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Getting Started with Scenario Modeling in Supply Chain Network Design

scenario planning in supply chain design

Scenario modeling is emerging as a key capability in the quest for supply chain resilience. Gartner, for instance, advises companies to “test market sensitivities and elasticities by using scenario planning.” They also recommend that you “reevaluate the scenario planning exercise periodically, as the environment is dynamic and in flux.” In other words, to build your supply chain’s agility and responsiveness, you need to look at scenarios more frequently instead of relying on a single plan. What does this mean in practice? Let’s explore how you can apply scenario modeling in supply chain network design.

Start with the business question(s) and model your base case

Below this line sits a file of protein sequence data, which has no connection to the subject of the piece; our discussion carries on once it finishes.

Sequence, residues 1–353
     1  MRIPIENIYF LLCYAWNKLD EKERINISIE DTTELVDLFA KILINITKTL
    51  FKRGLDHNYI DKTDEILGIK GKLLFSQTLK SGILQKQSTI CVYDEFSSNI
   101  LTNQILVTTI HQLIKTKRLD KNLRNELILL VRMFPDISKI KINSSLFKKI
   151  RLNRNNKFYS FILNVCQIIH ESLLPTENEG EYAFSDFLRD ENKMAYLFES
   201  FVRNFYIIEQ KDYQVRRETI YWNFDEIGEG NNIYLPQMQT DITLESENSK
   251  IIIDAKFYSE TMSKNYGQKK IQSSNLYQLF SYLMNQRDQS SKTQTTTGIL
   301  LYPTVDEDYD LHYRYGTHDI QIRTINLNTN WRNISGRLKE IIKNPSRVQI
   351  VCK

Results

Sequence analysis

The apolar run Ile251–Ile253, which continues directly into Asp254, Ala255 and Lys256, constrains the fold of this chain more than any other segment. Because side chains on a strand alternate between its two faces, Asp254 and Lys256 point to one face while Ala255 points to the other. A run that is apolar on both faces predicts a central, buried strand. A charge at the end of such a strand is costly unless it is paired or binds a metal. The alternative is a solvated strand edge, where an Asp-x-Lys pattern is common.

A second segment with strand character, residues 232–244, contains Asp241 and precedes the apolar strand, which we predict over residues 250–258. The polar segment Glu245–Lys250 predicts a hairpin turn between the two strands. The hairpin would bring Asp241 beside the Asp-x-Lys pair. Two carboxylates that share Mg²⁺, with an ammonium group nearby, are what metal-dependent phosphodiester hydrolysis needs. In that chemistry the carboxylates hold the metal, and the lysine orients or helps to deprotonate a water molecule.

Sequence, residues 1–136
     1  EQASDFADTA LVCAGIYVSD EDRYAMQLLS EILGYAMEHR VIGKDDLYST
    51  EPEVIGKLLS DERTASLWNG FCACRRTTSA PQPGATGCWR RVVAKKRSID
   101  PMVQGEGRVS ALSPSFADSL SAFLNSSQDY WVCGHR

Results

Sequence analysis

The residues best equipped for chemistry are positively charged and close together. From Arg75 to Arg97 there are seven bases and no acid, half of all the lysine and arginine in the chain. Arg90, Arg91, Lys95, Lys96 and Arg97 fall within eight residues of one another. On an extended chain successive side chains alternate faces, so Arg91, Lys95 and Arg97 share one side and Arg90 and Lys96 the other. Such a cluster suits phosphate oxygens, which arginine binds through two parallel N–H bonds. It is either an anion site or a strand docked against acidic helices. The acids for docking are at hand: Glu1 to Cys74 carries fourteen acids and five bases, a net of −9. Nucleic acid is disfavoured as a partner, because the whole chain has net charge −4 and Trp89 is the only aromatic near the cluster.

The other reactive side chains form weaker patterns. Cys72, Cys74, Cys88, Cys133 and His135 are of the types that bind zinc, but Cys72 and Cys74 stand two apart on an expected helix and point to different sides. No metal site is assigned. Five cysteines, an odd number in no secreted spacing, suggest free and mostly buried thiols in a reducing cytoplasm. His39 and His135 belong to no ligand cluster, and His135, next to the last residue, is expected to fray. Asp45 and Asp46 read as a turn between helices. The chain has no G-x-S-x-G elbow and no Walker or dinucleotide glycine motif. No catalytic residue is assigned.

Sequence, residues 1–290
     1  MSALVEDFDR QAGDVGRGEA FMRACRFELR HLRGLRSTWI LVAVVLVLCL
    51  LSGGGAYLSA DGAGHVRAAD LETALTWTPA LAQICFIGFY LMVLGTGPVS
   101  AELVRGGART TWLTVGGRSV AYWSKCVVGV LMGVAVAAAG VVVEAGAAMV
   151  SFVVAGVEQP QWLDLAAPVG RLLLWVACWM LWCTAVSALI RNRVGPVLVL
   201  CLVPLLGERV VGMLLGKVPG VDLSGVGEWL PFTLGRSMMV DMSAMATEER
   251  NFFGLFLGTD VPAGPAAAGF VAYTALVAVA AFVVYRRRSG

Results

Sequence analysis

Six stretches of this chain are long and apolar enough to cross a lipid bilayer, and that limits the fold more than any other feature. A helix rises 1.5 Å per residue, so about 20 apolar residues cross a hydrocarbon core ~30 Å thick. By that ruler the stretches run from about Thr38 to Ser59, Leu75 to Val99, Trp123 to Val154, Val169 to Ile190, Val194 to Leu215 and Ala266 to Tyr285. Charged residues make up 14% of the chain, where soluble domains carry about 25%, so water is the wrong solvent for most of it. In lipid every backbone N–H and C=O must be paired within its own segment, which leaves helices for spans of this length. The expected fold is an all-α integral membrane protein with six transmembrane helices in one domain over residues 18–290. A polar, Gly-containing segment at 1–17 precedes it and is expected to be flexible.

Scenario modeling should start with a business question: what are you trying to solve? Once you identify that, you can determine the kind of scenarios you need to run. You will also need to model a base case scenario in order to test your assumptions.

What is a base case scenario in supply chain network design?

Your base case provides the foundation for a digital supply chain twin at the strategic level. It’s a digital representation of your physical supply chain. You need a base case to build confidence (for yourself and the business owners) in your model and ensure it represents reality. We advise our customers to run a base case model and compare it to income statements or other cost data. The base case model should get to within 5% to 10% of actual costs and volumes. Once you have a validated base case, you can start exploring scenarios based on your business questions. The base case will also be a reference point from which you can measure optimization benefits.

More tips in our Guide: Implementing Supply Chain Network Design

Here are some ideas for typical scenarios in supply chain network design

Relax different constraints to identify cost-saving opportunities